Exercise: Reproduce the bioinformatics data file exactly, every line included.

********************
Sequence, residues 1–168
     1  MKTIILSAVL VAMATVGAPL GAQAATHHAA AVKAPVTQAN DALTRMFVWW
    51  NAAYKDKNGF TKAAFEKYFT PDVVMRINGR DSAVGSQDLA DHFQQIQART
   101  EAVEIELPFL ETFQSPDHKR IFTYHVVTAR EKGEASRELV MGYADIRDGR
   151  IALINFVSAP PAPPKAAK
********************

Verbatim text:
Sequence, residues 1–168
     1  MKTIILSAVL VAMATVGAPL GAQAATHHAA AVKAPVTQAN DALTRMFVWW
    51  NAAYKDKNGF TKAAFEKYFT PDVVMRINGR DSAVGSQDLA DHFQQIQART
   101  EAVEIELPFL ETFQSPDHKR IFTYHVVTAR EKGEASRELV MGYADIRDGR
   151  IALINFVSAP PAPPKAAK